Friday, July 20, 2007

Clarksburg merchants grumbling over slow-growing developments

High rents and little traffic are squeezing them, they say

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Some Clarksburg retailers say they are taking it on the chin for Montgomery County’s imposed slowdown of housing developments in town.

The merchants are in the Highlands of Clarksburg shopping center. An official with the landlord says he, too, is concerned that construction in town has been delayed.

The shopping center — the only one in Clarksburg — has nine businesses and one empty storefront.

Jason Hubbarth opened a Quiznos sub shop last summer and said he was promised Clarksburg would have 60,000 residents by 2010.

However, county officials project Clarksburg’s population to reach 40,000 in the next 20 years. The current population is about 6,500, according to 2005 Census Bureau data.

After hundreds of site plan violations were discovered in the Clarksburg Town Center two years ago, the county’s Park and Planning Commission suspended all Clarksburg developments while it examined all plans for possible violations. Many projects were set back a year or more.

Hubbarth said he pays high rents based on the 60,000 projected residents in town.

‘‘There are not enough people to support the businesses,” Hubbarth said. ‘‘We are not even breaking even.”

If the shopping center wants to keep its tenants, the rent needs to be lowered soon, he said.

Hubbarth said he is paying $31.50 per square foot per year in rent, or about $4,890 per month.

In comparison, rent for stores in Crystal Rock Plaza in Germantown is $25 per square foot per year, according to CoStar Group of Bethesda, a commercial commercial real estate information service.

‘‘The rent we are paying is as high as anywhere in the metropolitan area,” Hubbarth said. ‘‘Clarksburg isn’t what it is supposed to be right now.”

Scott Shinskie, vice president of Potomac Holdings, which owns the shopping center, did not return calls seeking comment.

In a previous conversation, however, he said he has talked with some of the merchants, who say their businesses are struggling.

‘‘We are just as upset as the store owners and the community that everything is held up,” Shinskie said. ‘‘We wish the builders would complete what is scheduled to be out there.”

Shinskie plans to add some signs to increase the center’s visibility this summer.

Jay Mhera opened his Mayorga Coffee business in the shopping center in early May. He estimates that 300 people stop by his store each week, but he expected seven times more customers.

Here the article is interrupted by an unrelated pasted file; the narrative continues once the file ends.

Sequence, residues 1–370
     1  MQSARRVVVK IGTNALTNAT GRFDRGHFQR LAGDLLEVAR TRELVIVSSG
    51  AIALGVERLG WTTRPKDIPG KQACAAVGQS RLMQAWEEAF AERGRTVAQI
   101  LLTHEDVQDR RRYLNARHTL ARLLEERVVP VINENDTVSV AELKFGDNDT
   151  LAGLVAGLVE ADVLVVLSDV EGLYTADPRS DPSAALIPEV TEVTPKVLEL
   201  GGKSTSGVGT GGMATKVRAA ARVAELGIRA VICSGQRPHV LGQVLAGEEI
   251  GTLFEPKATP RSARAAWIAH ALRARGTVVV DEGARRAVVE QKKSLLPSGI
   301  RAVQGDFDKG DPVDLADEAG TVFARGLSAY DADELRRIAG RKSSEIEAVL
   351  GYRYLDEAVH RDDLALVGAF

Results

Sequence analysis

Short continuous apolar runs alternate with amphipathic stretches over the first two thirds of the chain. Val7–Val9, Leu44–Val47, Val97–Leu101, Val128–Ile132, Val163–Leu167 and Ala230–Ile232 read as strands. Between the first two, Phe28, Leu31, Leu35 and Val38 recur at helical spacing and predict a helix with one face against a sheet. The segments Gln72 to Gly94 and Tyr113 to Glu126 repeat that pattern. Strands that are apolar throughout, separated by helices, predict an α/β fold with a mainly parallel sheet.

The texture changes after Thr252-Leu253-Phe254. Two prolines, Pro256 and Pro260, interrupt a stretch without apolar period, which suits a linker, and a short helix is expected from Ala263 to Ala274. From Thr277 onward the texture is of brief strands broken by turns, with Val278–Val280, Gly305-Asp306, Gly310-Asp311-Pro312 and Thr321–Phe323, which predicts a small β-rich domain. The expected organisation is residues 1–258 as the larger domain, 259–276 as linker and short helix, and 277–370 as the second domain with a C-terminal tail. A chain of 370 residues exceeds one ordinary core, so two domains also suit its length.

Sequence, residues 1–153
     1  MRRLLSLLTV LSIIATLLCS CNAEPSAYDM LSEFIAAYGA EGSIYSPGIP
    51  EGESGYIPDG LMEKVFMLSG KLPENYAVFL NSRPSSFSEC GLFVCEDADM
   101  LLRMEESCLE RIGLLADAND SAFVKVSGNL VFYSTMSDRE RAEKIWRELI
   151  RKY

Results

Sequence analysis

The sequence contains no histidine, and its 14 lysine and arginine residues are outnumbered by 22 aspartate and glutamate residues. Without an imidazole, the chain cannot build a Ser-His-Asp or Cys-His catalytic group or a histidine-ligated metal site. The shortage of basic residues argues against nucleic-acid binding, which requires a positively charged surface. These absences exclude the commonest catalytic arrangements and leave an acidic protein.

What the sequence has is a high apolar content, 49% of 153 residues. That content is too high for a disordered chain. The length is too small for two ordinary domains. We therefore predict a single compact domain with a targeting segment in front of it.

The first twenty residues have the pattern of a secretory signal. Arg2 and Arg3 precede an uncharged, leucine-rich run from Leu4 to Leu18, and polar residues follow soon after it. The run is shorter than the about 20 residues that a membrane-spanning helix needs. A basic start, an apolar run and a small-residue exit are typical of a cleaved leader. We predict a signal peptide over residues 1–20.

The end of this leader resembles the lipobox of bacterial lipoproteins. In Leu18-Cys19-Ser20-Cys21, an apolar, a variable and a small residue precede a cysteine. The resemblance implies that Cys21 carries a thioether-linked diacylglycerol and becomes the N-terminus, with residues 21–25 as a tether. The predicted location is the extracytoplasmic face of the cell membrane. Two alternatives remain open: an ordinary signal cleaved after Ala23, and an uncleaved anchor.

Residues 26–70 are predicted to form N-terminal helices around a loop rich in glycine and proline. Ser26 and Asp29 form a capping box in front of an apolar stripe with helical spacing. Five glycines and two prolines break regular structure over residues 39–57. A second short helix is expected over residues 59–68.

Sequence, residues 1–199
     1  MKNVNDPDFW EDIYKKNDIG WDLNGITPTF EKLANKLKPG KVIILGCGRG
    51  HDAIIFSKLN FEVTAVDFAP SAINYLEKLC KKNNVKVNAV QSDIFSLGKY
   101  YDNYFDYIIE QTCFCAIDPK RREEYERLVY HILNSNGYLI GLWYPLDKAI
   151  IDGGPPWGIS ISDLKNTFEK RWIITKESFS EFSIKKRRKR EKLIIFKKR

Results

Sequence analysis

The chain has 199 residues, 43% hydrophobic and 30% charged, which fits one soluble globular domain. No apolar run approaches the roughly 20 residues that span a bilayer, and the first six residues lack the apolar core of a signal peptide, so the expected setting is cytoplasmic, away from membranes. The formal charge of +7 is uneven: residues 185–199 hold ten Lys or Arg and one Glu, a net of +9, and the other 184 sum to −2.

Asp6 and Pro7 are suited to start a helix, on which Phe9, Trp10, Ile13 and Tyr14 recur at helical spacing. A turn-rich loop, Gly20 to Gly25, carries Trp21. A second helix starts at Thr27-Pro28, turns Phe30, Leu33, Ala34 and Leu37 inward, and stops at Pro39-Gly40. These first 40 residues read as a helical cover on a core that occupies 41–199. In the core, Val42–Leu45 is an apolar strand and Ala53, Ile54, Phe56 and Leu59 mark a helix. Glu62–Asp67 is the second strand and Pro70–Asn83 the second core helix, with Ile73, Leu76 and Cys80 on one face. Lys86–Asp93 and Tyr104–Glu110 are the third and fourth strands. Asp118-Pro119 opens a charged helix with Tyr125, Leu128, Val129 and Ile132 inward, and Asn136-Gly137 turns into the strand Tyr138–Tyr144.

‘‘Because of the violations everything has gone down,” Mhera said. ‘‘People are not coming to live here.”

County Councilman Michael J. Knapp (D-Dist. 2) of Germantown agrees that development in the town is moving too slowly.

‘‘We need to get development in Clarksburg under way,” Knapp said. ‘‘We need to get people buying houses. There are issues and things getting fixed. Most of the issues have been brought to light.”

No merchants from the shopping center have approached him about problems with their businesses, Knapp said.

The county should consider subsidizing the Clarksburg merchants because development has been so slow in town, said Gordon Taylor of Boyds, owner of Upcounty Fine Wine and Beer, one of the shopping center’s first tenants.

‘‘That would be fantastic,” Taylor said. ‘‘It would be the fairest thing and the county would be the beneficiary.”

Four of the businesses in the Germantown Town Center received grants ranging from $15,000 to $20,000 from the county’s Department of Economic Development’s Impact Assistance Fund within the last year because the neighboring Germantown Library opened 18 months later than expected. Germantown business owners claimed they were depending on foot traffic from the library to jump-start their businesses.

Aa Salehuddin, owner of the UPS Store in the shopping center, also said his business is struggling and the slow pace of development is a huge problem.

‘‘The parking lot is always full,” Shinskie said. ‘‘Businesses are successful, but maybe not every business.”

Other tenants are Mattress Discounters, My Cleaners, Passion Nail Spa, Salon Reve, Verizon Wireless and the MCT Federal Credit Union.

The shopping center held a community festival last month with free food and a moon bounce to attract customers and to celebrate its first anniversary.

‘‘We had a great turnout at our fair,” Shinskie said. ‘‘That is something that builds continuity for the center.”

The Highlands of the Clarksburg will be the only retail area in the community until developer Newland Communities builds Clarksburg Town Center’s retail core.

The plans for the retail core were submitted to county planning officials for review in April, said Douglas Delano, vice president of operations for Newland Communities. He expects the Planning Board to approve the plans this year and the retail core to open by the summer of 2009.